Leaders of the G7 economy convening in the UK will announce a commitment to deliver 1 billion doses of coronavirus to the poorest countries as part of a plan to “vaccinate the world” by the end of 2022.
The move, to be unveiled at the start of the three-day summit on Friday, is intended to respond to criticism that wealthy Western governments have secured most of the wild Covid-19 vaccines from producers to immunize their own populations. The vote is also an attempt to counter “vaccination diplomacy” by Beijing and Moscow, which are quick to sell their coups to developing nations.
Hosting the G7 summit in Cornwall, Britain’s picturesque southern tip, Prime Minister Boris Johnson will announce on Friday that the UK will give away 100m of vaccine surplus in the next 12 months, according to aides.
Then a face-to-face meeting with his host in Carbis Bay, on Cornwall’s rural coast, U.S. President Joe Biden on Thursday unveiled a commitment to buy 500m of Covid-19 vaccines made by BioNTech / Pfizer and donate them to some of the world’s poorest countries. world. This includes 200m this year and the rest in the first half of next year.
“It’s about our responsibility, our humanitarian obligation to save as many lives as we can,” Biden said.
At the end of this year, the EU promised separately 100m doses for African countries and other developing nations.
Speaking at the Elysée Palace on Thursday, French President Emmanuel Macron said will push the G7 to “lift barriers” to accelerating vaccination in Africa to reach a vaccination rate of 40 percent by the end of this year and 60 percent by the end of the first quarter. next year.
The blows donated by the United States and other G7 members will have to be “accompanied” by an additional commitment from drug manufacturers to donate the equivalent of 10 percent of their dose production, Macron added.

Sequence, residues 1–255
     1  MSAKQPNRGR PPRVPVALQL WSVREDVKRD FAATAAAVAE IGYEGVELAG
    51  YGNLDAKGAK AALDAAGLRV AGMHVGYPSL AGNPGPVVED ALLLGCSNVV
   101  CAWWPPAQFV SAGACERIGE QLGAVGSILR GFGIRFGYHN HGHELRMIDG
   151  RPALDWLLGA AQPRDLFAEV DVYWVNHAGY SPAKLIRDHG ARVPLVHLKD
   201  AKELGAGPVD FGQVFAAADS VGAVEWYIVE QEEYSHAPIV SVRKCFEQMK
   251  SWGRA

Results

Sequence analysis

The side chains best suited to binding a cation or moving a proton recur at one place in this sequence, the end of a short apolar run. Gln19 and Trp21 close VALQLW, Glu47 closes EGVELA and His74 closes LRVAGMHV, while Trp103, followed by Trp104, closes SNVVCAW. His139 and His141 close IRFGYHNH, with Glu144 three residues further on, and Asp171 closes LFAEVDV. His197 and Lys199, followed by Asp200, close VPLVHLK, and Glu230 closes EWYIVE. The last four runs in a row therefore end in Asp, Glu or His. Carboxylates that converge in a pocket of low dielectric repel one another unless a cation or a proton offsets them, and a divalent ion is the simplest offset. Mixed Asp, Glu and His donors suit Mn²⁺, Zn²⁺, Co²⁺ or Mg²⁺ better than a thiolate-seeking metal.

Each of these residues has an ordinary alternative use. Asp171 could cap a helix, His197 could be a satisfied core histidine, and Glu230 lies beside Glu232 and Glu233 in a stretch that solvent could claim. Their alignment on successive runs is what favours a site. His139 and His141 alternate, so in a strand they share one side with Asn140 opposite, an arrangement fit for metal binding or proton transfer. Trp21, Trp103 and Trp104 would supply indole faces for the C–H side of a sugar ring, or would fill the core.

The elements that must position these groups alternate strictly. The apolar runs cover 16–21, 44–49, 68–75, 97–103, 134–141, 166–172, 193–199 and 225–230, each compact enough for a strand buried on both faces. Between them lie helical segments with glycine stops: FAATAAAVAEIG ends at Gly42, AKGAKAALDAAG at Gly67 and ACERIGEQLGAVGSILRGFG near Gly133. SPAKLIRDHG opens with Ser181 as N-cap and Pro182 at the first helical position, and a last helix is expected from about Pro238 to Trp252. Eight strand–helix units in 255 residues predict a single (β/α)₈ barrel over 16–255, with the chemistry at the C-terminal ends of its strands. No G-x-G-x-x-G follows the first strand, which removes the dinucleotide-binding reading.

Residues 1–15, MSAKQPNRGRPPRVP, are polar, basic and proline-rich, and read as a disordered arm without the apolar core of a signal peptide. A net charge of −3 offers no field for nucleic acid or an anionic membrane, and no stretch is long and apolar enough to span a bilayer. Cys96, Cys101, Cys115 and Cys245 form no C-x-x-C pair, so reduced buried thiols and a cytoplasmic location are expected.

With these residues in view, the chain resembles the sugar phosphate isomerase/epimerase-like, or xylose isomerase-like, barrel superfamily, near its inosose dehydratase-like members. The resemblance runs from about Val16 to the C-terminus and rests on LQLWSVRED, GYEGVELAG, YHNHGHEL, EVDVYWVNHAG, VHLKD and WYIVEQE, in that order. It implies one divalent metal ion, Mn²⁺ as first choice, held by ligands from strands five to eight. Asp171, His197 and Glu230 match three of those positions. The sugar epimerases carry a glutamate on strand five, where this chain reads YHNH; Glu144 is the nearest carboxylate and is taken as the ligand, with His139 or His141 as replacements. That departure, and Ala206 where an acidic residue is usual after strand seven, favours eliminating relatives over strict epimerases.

British diplomats called the Carbis Bay meeting a “vaccine summit”, stressing that the G7 countries will illustrate their collective approach again by tackling Covid-19.
After four years in which the club of rich democracies was effectively paralyzed by Donald Trump’s confrontational and intrinsic presidency, Biden will use the G7 summit and his trip to Brussels on Monday to reaffirm U.S. leadership in the world. democratic and in the transatlantic. cooperation.
Johnson described his interaction with Biden as “a great breath of fresh air.” “There are many things [we] we want to do it together, ”he said, citing security, NATO and climate change.
Other topics at the top of the agenda of G7 countries – the United States, the United Kingdom, Canada, France, Germany, Italy, Japan – include climate change, women’s education and economic recovery.
The group’s finance ministers have already agreed to implement it a global corporate taxation system, although details have not yet been fully accepted
Johnson puts the fight against Covid at the heart of the summit, for which G7 leaders will meet Friday for their first face-to-face meeting for more than a year at the boutique Carbis Bay hotel.
“It’s the first time for ages that everyone will be driven,” said a British official. The meeting will include a barbecue on Saturday night’s locally caught Newlyn lobster beach and sparkling Cornish.
Johnson, the summit’s commander-in-chief, will ask G7 leaders to encourage pharmaceutical companies to adopt the Oxford AstraZeneca model of providing non-profit vaccines during the pandemic.
Downing Street said Pfizer, Modern and Johnson & Johnson had already promised to share 1.3 billion doses nonprofit with developing countries.
Johnson has been heavily criticized by his own lawmakers, including former Prime Minister Theresa May, for cutting Britain’s aid balance from 0.7 percent to 0.5 percent of national income during the pandemic.
The summit also tried to agree on a common approach to fighting future pandemics, with Johnson trying to avoid what Downing Street called a “every man for himself” approach in which countries have set out to to ensure vital supplies at the onset of the pandemic.
Johnson invited leaders from Australia, India, South Africa and South Korea to participate, but British officials tried to respond to the idea that the G7 was developing to become a group. anti-China democrat. “It’s about who we are, not who we are against,” said a British official.
For Johnson, the summit is an opportunity to put post-Brexit Britain on the world stage, but the UK’s departure from the EU counts on it – particularly because of the new agreements in Northern Ireland. .
Additional reports from Victor Mallet and David Keohane in Paris